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Cablegate: Jiangsu Environmental Officials Hold Some Optimism About

VZCZCXRO6173
RR RUEHCN RUEHGH
DE RUEHGH #0797/01 3540216
ZNY EEEEE ZZH
R 200216Z DEC 07
FM AMCONSUL SHANGHAI
TO RUEHC/SECSTATE WASHDC 6547
INFO RUEHBJ/AMEMBASSY BEIJING 1595
RUEHSH/AMCONSUL SHENYANG 1018
RUEHCN/AMCONSUL CHENGDU 1018
RUEHGZ/AMCONSUL GUANGZHOU 0988
RUEHHK/AMCONSUL HONG KONG 1149
RUCPDOC/USDOC WASHINGTON DC 0016
RUEAEPA/EPA WASHINGTON DC
RUEHIN/AIT TAIPEI 0836
RUEHGH/AMCONSUL SHANGHAI 7069

UNCLAS E F T O SECTION 01 OF 03 SHANGHAI 000797

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SENSITIVE
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STATE ALSO FOR OES/I - COVINGTON
EPA FOR INTERNATIONAL - NGUYEN AND MCASKILL

E.O. 12958: N/A
TAGS: SENV PGOV ECON EIND CH
SUBJECT: JIANGSU ENVIRONMENTAL OFFICIALS HOLD SOME OPTIMISM ABOUT
LAKE TAI CLEAN-UP PROSPECTS

REF: SHANGHAI 760; SHANGHAI 483; SHANGHAI 420

1. (SBU) Summary. Congenoffs met with Jiangsu Provincial
Academy of Environmental Sciences Senior Engineer and Vice
Director Wang Hua and Jiangsu Provincial Environmental
Protection Department Vice Director Zhu Deming on November 28 to
discuss Lake Tai (Tai Hu) pollution clean-up prospects and
prospects for greater use of environmental protection criteria
in performance evaluations for local government units,
government officials and Communist Party cadre. Both expressed
guarded optimism that significant numbers of water-polluting
factories on the shores of Lake Tai will cease lakeside
operations in 2008, although many may relocate to less
economically developed parts of the province and country. The
October 2007 promotion and transfer of Jiangsu Province Party
Secretary Li Yuanchao, who had committed the Province to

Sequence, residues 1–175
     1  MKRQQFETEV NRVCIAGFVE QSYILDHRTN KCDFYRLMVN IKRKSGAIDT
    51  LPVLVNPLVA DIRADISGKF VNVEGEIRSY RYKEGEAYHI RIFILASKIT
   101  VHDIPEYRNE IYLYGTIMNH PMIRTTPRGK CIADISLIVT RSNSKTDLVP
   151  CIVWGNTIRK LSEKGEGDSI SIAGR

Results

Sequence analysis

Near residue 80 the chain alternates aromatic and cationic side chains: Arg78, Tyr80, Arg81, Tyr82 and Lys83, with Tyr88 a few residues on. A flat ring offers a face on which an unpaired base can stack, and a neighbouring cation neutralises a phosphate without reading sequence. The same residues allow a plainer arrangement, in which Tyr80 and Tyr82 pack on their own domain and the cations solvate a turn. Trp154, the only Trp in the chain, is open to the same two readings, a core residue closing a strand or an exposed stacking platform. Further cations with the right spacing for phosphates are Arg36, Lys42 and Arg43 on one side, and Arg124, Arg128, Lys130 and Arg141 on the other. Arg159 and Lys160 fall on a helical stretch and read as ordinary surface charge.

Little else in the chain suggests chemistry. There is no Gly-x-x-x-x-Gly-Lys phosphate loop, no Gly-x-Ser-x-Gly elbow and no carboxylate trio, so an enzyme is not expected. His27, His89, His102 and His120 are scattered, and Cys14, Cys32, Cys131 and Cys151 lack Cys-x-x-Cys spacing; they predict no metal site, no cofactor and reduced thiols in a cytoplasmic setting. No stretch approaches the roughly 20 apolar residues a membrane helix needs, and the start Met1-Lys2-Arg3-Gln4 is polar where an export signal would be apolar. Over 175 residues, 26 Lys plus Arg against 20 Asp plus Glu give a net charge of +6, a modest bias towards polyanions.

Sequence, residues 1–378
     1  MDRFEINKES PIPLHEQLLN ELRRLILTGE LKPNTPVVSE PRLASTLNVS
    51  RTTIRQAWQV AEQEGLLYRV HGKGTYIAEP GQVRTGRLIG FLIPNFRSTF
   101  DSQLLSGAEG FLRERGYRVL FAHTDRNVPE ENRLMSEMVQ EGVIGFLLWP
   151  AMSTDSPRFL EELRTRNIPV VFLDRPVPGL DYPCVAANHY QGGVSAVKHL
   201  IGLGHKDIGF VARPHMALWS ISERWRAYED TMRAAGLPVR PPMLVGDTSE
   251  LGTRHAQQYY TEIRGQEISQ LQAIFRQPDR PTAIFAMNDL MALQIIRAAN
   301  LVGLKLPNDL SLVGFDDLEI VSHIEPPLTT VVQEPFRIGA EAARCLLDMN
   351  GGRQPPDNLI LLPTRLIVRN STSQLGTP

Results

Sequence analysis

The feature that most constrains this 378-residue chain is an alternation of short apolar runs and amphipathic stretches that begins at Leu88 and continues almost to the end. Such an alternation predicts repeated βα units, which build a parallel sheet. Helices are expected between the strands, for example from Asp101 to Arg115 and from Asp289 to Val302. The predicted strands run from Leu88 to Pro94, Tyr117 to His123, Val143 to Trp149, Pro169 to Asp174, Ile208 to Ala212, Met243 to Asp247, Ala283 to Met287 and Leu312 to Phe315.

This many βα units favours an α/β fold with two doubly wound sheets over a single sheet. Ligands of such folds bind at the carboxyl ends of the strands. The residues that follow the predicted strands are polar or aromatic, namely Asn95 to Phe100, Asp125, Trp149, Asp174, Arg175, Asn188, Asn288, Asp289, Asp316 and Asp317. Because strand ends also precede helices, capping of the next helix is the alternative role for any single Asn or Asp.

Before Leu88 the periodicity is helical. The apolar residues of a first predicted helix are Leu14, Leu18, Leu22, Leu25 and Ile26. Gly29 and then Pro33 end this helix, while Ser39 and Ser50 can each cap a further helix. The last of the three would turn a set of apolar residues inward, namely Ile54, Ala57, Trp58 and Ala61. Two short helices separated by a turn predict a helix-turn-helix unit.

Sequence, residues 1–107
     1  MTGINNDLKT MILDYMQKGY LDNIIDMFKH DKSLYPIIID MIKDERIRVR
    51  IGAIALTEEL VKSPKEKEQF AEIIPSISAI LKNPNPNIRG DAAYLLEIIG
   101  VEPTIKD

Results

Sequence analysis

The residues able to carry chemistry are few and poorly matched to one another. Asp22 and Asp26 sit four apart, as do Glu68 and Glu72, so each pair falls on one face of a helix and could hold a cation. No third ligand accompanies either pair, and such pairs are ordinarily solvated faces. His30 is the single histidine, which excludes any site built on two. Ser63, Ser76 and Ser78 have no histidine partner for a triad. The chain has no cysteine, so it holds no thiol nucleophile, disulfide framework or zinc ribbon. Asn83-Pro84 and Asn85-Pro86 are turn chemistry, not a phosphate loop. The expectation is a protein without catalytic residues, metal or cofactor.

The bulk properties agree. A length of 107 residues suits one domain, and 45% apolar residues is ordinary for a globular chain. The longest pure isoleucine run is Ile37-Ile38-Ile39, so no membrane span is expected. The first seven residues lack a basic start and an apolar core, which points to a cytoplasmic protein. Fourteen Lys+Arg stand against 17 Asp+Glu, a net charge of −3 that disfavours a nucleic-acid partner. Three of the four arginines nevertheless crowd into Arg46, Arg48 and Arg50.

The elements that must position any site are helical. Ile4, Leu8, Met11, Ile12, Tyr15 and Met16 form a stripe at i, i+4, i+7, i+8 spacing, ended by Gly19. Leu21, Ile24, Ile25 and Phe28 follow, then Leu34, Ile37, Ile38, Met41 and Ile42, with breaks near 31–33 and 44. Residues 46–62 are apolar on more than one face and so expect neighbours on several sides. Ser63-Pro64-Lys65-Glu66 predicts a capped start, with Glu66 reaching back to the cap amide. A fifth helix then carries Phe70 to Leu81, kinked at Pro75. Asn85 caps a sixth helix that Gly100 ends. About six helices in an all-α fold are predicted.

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aggressively cleaning up Lake Tai in the near term, to the
Politburo in Beijing as head of the Party's Organization
Department provides the Party with a means to enforce Lake Tai
clean up initatives and other environmental protection
priorities. Jiangsu Province leaders are resolute to clean up
Lake Tai, even if at the cost of a decrease in provincial
economic output, the two environmental officials said. End
summary.

Lake Tai - Big, Important, Seriously Polluted

2. (SBU) Lake Tai, west of Shanghai, is China's third-largest
freshwater lake (2,250 square kilometers) and now one of the
worst polluted lakes in China. Major causes of water pollution
include poorly regulated discharges from industries -- more than
8,500 chemical factories are located in the Lake Tai watershed
-- and untreated wastewater from urban areas, pig farms and
other agricultural activities , with nitrates and phosphorous
playing particularly important roles in the pollution mix. More
than one-fourth of China's textile factories are in Jiangsu
Province, local officials say, with many of them also in the
Lake Tai watershed. The May 2007 massive outbreak of blue-green
algae in Lake Tai resulted in cutting off the drinking water
supply to the 4 million residents of the city of Wuxi. Jiangsu
environmental officials attributed the severity of this year's
outbreak to "70 percent natural factors and 30 percent human
factors," namely, the lowest water level in 50 years, excessive
heat, and excessive pollution from factories, agricultural waste
and human waste.

3. (SBU) Dr. Wang and Director Zhu, both of whom traveled to
the United States in our FY 2007 as recipients of State
Department International Visitor program awards, attributed some
revised environmental protection policies under consideration in
Jiangsu Province to observations of U.S. environmental
protection policies and enforcement. In particular, the
province may move to impose fines on a daily vice occasional
basis for excessive pollution emitters. Even so, they foresee a
need to promote the development of true non-government
organizations to accurately reflect the common people's
aspirations for cleaner air and water and bring added pressure
on government units to enforce China's environmental protection
rules. A number of government-organized non-government
organizations (GONGOs) in China which have spoken out on
environmental issues remain under the control of government
paymasters and thus do not truly represent the common people's
views, they observed.

4 (SBU) The October 2007 Jiangsu Taihu Water Pollution
Treatment Protocol brokered by the Jiangsu Provincial Government
constitutes a crucial step if Lake Tai pollution problems are to
be successfully addressed, they continued. Beyond the important
surge of funding to be made available for pollution control and
cleanup, the agreement assigns distinct environmental protection
responsibilities to multiple government agencies. Provincial
and local water treatment departments had taken a leading role
in attempts to deal with Lake Tai's massive blue-algae bloom
this year (refs). But with multiple agencies previously told
they had environmental protection as an important goal but no